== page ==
Nearly one out of every five people in America have Hispanic roots. Or, is it Latino roots? We break down the difference. Plus, Savannah has become a hub for punk bands, both with local groups seeing success and with national acts making the city a part of their tour. Why Savannah, and why now? And how much stock should patients really put into hospital rankings, and just how are they put together?
Augusta's Children’s Hospital of Georgia was recently ranked at the top of the list for pediatric care by a quality-ranking report. But how much stock should patients really put into these rankings, and just how are they put together? Host Celeste Headlee speaks to Ben Harder, who is responsible for the U.S. News and World Report “Best Hospital” rankings, and Kathy Kinlaw, Director of Emory Center for Ethics Program in Health Sciences and Ethics.
Also, Savannah has become a hub for punk bands, both with local groups seeing success and with national acts making the city a part of their tour. Why Savannah, and why now? Host Celeste Headlee speaks with Bill Dawers, founder and editor of the Hissing Lawns music blog. We also hear from one of Savannah’s rising punk bands, Crazy Bag Lady. Then we turn things up with the latest installment of our Georgia Playlist series. Nate Stewart of the Atlanta-based group The Landmines shares songs by his two favorite punk rock bands from the Peach State. Plus, Georgia leads the nation in the ratio of residents who are on probation or parole. Governor Nathan Deal hopes to bring that number down. His latest strategy is a new state agency that merges oversight of both parolees and probationers called the Department of Community Supervision. Georgia Public Broadcasting’s Michael Caputo recently rode along with one of the department’s new officers and weighs the pros and cons of the merger.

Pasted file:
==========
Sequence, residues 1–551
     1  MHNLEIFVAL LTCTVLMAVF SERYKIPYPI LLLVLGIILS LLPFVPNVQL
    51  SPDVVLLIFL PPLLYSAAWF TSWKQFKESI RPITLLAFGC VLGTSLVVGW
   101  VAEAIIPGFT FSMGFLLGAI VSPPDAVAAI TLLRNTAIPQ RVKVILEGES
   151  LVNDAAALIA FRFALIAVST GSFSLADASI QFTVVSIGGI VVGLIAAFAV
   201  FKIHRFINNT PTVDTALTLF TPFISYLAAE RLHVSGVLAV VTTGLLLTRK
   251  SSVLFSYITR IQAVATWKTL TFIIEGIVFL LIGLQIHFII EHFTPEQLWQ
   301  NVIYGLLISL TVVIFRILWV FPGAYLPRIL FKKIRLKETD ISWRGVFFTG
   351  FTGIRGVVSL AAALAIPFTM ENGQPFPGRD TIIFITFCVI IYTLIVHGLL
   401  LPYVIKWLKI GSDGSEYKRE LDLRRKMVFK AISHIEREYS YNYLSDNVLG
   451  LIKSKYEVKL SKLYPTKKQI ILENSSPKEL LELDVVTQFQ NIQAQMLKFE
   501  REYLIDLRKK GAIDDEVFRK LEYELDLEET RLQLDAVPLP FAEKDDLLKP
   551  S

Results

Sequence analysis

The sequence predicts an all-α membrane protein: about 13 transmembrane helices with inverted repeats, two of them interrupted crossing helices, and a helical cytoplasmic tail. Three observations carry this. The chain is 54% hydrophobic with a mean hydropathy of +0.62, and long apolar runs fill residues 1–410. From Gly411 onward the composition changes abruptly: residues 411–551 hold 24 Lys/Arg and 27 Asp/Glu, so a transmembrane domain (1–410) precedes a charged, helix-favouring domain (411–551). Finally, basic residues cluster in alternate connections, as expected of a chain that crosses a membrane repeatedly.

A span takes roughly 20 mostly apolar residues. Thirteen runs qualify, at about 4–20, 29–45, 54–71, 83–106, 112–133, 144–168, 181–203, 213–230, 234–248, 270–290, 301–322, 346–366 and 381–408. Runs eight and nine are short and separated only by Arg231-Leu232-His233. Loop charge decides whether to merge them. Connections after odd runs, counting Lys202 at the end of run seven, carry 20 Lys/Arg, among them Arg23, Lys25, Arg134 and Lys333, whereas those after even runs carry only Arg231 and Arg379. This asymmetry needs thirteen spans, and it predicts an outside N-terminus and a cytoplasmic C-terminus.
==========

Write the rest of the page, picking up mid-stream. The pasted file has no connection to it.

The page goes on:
And according to the U.S. Census, Hispanics are the largest minority group in the country – and their numbers are growing. Nearly one out of every five people in America have Hispanic roots. Or, is it Latino roots? Host Celeste Headlee offers an explainer on when to use which term and why the concepts of “Latino” and “Hispanic” are purely American ones. She’s also joined by Hector Fernandez, a professor in the Department of World Languages and Cultures at Georgia State University, to talk about linguistic and cultural differences among America’s Latino and Hispanic populations.